Oman has traditionally supported Middle East peace initiatives. The US has maintained relations with the Sultanate since the early years of American independence. Both bilaterally and regionally through the Gulf Cooperation Council (GCC), Oman is pursuing free trade agreements with a number of key trading partners, including the US. The US-Oman Free Trade Agreement (FTA) was signed in January 2006 and awaits ratification and implementation.

As a member of the GCC, Oman applies the GCC common external tariff of five percent for most products, with a few exceptions. Oman ’s exceptions include 100 percent tariff rates on pork products. On April 30, 2005 Oman lifted the ban on imports of US beef, which was imposed in late 2003 as a result of the discovery of a single US case of BSE involving an imported animal in Washington State .

Veterinary Infrastructure

Oman reported 129 veterinarians in 2004, of which 54 were government officials, 14 worked in laboratories, universities, or training institutions, and 52 were private practitioners, and 9 were employed in other categories.

Sources: 2005 National Trade Estimate Report on Foreign Trade Barriers, Office of the United States Trade Representative, March 2005, accessed 3/29/2006 :

http://www.ustr.gov/assets/Document_Library/Reports_Publications/2005/2005_NTE_Report/asset_upload_file383_7446.pdf?ht =; Oman Lifts the Ban on Imports of U.S. Beef, USDA Foreign Agricultural Service, Global Agriculture Information Network (GAIN) Report Number MU5001, June 16, 2005, accessed 3/30/2006:

http://www.fas.usda.gov/gainfiles/200506/146129978.doc ; US Department of State Background Note: Oman, February 2006, accessed 3/30/2006 : http://www.state.gov/r/pa/ei/bgn/35834.htm ; OIE Handistatus II, accessed 3/31/2006 : http://www.oie.int/hs2/gi_veto_pays.asp?c_pays=146

Palestine

Palestine reported 121 veterinarians in 2004, of which 34 were government officials, 11 worked in laboratories, universities, or training institutions, and 76 were private practitioners .

Source: OIE Handistatus II, accessed 3/31/200 6 : http://www.oie.int/hs2/gi_veto_pays.asp?c_pays=213

Qatar

Agricultural Economics

Agriculture employs 20 percent of Qatar ’s workforce and accounts for less than 2 percent of GDP. Qatar does produce some fruits and vegetables, but most food is imported. Major suppliers of various imported products, including agriculture products, are France (27 percent), US (10 percent), Saudi Arabia (10 percent), Germany (5 percent), and Japan (5 percent).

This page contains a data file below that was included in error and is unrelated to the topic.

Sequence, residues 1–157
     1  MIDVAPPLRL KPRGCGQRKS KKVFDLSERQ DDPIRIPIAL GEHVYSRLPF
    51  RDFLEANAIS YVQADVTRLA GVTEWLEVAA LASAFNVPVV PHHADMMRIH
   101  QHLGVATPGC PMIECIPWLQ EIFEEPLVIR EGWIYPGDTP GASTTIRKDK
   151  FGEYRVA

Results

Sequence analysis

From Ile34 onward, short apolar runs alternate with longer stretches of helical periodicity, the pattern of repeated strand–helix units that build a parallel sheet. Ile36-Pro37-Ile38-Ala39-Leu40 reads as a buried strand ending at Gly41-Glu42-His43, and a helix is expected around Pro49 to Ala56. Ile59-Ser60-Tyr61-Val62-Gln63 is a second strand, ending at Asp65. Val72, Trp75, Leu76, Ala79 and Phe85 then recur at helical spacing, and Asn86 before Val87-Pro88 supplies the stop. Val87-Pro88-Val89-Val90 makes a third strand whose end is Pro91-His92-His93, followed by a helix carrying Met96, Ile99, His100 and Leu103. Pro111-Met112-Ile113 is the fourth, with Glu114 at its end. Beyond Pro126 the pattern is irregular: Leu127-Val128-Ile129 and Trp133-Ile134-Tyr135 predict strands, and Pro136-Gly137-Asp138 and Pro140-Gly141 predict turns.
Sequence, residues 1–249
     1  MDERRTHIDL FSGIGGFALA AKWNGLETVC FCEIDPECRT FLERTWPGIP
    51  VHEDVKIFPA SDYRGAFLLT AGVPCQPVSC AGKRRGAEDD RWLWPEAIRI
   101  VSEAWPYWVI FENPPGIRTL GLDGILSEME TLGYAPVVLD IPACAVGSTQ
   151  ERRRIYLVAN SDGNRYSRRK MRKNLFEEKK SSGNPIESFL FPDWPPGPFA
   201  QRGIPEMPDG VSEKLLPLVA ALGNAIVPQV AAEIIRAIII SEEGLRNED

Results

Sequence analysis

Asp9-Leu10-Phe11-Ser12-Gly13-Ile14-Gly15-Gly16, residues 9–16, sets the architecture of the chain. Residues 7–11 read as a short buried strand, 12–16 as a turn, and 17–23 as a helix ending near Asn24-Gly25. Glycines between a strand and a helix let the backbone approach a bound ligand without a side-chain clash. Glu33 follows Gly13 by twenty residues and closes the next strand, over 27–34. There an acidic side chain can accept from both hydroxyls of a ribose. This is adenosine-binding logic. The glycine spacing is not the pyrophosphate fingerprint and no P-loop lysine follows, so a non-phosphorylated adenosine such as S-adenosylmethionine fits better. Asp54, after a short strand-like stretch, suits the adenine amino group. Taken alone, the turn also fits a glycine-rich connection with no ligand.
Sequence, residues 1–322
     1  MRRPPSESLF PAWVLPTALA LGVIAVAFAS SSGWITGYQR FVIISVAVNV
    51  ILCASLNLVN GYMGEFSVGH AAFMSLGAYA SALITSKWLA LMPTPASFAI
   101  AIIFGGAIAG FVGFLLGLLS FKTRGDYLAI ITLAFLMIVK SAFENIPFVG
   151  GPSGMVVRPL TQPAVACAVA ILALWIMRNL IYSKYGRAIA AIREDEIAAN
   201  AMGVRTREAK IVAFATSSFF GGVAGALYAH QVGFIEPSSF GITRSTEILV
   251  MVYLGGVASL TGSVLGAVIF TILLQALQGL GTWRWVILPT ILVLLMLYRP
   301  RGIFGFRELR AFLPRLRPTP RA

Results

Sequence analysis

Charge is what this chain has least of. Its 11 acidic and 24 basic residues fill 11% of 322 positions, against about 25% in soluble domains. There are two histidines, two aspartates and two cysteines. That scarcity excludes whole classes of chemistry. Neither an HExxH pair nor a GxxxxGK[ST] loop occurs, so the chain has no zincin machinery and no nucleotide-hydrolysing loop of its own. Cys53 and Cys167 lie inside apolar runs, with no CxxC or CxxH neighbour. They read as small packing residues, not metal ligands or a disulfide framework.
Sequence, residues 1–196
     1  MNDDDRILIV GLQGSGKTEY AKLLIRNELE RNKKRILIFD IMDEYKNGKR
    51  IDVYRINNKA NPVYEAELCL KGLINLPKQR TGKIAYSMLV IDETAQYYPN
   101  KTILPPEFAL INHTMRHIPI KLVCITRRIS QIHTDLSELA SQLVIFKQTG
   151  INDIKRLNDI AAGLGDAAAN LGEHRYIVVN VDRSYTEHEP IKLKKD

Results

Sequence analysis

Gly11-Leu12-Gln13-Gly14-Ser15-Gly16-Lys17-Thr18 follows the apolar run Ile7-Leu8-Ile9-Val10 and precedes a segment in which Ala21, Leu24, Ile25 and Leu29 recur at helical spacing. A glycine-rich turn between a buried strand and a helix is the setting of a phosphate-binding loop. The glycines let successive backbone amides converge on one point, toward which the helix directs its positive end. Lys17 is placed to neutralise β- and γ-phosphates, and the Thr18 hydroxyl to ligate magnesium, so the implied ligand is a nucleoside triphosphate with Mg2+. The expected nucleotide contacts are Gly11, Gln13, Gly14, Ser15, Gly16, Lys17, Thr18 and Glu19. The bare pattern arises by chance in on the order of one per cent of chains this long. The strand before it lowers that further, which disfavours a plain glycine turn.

US-Qatar Relations

Bilateral relations are strong and expanding. Qatar and the United States coordinate closely on regional diplomatic initiative, cooperate to increase security in the Gulf, and enjoy extensive economic links, especially in the hydrocarbons sector.

Qatar also has signed defense pacts with the US , UK , and France , and plays an active role in the collective defense efforts of the Gulf Cooperation Council. Qatari military forces played an important role in the first Gulf War, and Qatar has supported US military operations critical to the success of Operation Enduring Freedom and Operation Iraqi Freedom.

US imports from Qatar in 2004 were $387 million, up 17 percent from 2003. The US and Qatar signed a Trade and Investment Framework Agreement (TIFA) in March 2004, providing a forum to address US concerns. Qatar still imposes a ban on imports of US beef in response to the discovery of a single US case of BSE involving an imported animal in Washington State .

V eterinary Infrastructure

Qatar reported 90 veterinarians in 2004, of which 57 were government officials, 10 worked in laboratories, universities, or training institutions, and 23 were private practitioners.

Sources: 2005 National Trade Estimate Report on Foreign Trade Barriers, Office of the United States Trade Representative, March 2005, accessed 3/29/2006 :

http://www.ustr.gov/assets/Document_Library/Reports_Publications/2005/2005_NTE_Report/asset_upload_file383_7446.pdf?ht= ; US Department of State Background Note: Oman, February 2006, accessed 3/30/2006 :

http://www.state.gov/r/pa/ei/bgn/5437.htm ; OIE Handistatus II, accessed 3/31/200 6: http://www.oie.int/hs2/gi_veto_pays.asp?c_pays=159

Saudi Arabia

Agricultural Economics

Agriculture employs 12 percent of the Saudi workforce, producing dates, grains, livestock and vegetables. Only 1.7 percent of the land is arable.